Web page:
The story of Sam Childers reads like a work of fiction, even Gerard Butler who played him in the film thought so when he first read the concept of the film. But no, it only sounds too good to be true. Childers was a former gang biker who led a reckless and dangerous life full of drugs, alcohol and violence who turns to God after hitting rock bottom and finds a new purpose in life. I’m always drawn to stories about redemption, and Marc Forster doesn’t pull any punches in portraying the protagonist at his worst, which made his journey even more remarkable.
Machine Gun Preacher opens with incredibly brutal night scenes in a small African village and contrasting that with the life of a man half a world away in rural Pennsylvania. It’s the day Childers is being released from prison. By the way he defiantly strode out of there, cussing at the prison guard just before he walked out, it’s safe to assume he’s been there for the umpteenth time and nothing has changed. He didn’t have much respect for his wife Lynn (Michelle Monaghan) and was downright hostile towards her upon hearing that she had quit her lucrative stripping job. ‘You found Jesus?!’ He howled at her. ‘No Sam, He found me!’ Childers then stormed out and was immediately back to his old ways of shooting heroin and ruthlessly robbing crack houses with his BFF Donnie (Michael Shannon).
But the Lord works in mysterious ways. One night Childers was close to slaying someone’s life, the next morning he’s shown getting ready for church. Soon he gets baptized and turns his life around almost in an instant. It’s perhaps an oversimplification on the film part to get things moving along to the real ‘meat’ of the story which takes place in Africa. Thus the film breezes through the part of how he came to building a church for ‘sinners like himself’ as he calls it, which led him to a mission trip that becomes a catalyst of his current humanitarian work.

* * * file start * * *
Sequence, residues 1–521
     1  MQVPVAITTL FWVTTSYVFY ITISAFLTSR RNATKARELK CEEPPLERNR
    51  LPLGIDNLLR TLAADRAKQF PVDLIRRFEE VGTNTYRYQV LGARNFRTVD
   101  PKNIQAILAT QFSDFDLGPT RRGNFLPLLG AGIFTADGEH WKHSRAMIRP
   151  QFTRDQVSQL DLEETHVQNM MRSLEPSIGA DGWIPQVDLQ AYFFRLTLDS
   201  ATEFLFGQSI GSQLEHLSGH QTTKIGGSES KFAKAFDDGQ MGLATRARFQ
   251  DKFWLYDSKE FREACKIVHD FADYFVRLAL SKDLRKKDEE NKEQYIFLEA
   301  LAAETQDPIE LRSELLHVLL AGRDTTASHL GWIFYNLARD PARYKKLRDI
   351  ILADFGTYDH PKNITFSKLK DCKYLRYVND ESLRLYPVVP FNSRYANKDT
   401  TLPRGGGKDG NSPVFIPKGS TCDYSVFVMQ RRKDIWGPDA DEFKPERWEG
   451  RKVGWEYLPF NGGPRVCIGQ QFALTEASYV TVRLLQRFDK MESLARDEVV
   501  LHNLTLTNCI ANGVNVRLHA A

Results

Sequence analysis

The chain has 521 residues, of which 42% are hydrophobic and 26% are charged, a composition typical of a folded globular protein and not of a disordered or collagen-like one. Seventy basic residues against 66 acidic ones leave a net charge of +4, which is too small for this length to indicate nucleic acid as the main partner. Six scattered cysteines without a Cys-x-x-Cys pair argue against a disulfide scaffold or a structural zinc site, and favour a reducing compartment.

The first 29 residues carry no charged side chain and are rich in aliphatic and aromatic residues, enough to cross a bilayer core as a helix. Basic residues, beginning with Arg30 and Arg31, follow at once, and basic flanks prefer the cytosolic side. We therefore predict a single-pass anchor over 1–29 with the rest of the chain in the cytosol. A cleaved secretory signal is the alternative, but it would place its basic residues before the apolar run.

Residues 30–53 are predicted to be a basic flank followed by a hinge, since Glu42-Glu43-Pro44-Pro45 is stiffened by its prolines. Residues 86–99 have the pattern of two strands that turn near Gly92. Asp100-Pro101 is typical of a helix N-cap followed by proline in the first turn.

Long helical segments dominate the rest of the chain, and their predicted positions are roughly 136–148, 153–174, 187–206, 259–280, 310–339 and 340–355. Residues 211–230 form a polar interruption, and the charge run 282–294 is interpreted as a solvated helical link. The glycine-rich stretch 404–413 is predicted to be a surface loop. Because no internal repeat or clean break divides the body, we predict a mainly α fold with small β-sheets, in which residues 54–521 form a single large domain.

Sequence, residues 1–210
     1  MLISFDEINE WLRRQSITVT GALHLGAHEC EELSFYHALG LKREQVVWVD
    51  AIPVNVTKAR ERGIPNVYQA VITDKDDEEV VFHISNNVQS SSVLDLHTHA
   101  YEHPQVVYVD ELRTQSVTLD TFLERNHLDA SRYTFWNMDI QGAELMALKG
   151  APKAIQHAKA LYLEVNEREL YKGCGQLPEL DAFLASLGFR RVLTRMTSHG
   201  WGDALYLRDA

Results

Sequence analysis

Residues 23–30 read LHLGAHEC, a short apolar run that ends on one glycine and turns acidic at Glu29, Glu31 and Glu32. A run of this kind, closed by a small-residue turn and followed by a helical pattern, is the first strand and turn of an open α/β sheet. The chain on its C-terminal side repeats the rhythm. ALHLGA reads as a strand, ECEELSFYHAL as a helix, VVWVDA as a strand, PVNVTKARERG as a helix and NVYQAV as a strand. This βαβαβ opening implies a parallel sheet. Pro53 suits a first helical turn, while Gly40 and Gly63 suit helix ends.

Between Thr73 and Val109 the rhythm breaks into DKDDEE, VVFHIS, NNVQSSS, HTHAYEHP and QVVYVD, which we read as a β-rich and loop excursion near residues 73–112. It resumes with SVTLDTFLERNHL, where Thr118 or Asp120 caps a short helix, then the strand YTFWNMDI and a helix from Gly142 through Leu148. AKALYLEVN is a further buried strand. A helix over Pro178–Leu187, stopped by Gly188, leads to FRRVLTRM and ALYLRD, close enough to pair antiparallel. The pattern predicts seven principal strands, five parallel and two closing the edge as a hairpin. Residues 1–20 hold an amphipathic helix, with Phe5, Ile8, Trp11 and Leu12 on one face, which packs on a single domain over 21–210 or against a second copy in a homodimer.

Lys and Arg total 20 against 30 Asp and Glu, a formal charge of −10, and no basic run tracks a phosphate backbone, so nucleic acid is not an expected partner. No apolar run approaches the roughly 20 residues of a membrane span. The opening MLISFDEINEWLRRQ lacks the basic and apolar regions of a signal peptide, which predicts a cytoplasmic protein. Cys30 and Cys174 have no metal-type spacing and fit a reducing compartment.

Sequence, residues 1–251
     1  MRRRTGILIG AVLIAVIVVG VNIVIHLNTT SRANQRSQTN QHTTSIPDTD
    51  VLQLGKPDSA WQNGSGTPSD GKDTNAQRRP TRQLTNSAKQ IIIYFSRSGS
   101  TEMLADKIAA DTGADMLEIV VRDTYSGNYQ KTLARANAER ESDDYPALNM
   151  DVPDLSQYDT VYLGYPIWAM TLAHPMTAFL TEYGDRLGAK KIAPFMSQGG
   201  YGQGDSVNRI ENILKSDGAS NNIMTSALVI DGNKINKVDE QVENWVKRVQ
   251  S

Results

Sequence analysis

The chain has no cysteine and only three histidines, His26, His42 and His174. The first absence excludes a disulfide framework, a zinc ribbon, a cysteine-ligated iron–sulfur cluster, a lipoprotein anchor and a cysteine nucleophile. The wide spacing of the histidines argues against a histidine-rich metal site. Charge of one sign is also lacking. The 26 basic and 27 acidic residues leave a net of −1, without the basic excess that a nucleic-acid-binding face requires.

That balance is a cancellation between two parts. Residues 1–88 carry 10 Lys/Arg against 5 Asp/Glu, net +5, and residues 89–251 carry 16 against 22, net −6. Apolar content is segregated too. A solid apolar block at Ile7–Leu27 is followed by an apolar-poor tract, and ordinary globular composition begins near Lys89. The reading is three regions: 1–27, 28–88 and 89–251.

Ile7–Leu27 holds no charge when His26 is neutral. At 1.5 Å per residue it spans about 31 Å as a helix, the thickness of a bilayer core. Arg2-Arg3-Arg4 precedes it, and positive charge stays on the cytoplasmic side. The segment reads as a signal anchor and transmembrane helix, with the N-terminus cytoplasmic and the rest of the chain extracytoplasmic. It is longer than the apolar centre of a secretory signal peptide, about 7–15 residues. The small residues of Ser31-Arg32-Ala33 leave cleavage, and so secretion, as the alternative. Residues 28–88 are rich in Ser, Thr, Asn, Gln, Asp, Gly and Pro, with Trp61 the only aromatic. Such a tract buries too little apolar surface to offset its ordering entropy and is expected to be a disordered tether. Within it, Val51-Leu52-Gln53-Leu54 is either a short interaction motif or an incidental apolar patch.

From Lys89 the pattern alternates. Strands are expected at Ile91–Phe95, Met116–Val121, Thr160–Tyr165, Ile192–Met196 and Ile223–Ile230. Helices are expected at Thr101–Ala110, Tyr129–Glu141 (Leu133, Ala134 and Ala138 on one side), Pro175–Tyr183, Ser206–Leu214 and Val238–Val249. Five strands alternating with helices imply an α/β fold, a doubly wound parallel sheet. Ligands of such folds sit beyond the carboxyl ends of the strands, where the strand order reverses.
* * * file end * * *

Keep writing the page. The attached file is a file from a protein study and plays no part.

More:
Soon after Childers arrive in Sudan, he’s exposed to the atrocity of the Lord’s Resistant Army (LRA), a guerrilla group that routinely kidnap children to turn them into soldiers, which explains that scene shown in the beginning of the film. This film is definitely not for the faint of hearts, many times I have to cover my eyes during the violent parts, especially those involving children. Contrary to what the title suggests, Childers doesn’t immediately take up his bazooka and start shootin’. He first builds an orphanage that ends up getting burned down, but with his wife’s encouragement, he builds it again. It’s when the rebels threaten to burn it down again that Childers thought it’s best to fight them instead of waiting for them to attack again.
The story of Sam Childers is not an easy one to film. I mean, we’re talking about compressing a 30-year span of someone’s life into a 2-hr feature here. The real life preacher surely is a much more complicated figure than what’s depicted on screen, but I think the moral of the story comes through. Here’s a man who is appalled by such a grave injustice and human cruelty, but instead of simply feeling sorry for the people affected, he actually does something about it. Yes his method is quite controversial, both believers and non-believers alike question the use of firepower to protect these children that some may call a radical act. But the way I see it, I really don’t know how he could shelter these kids and make them feel safe if they’re not armed to defend themselves??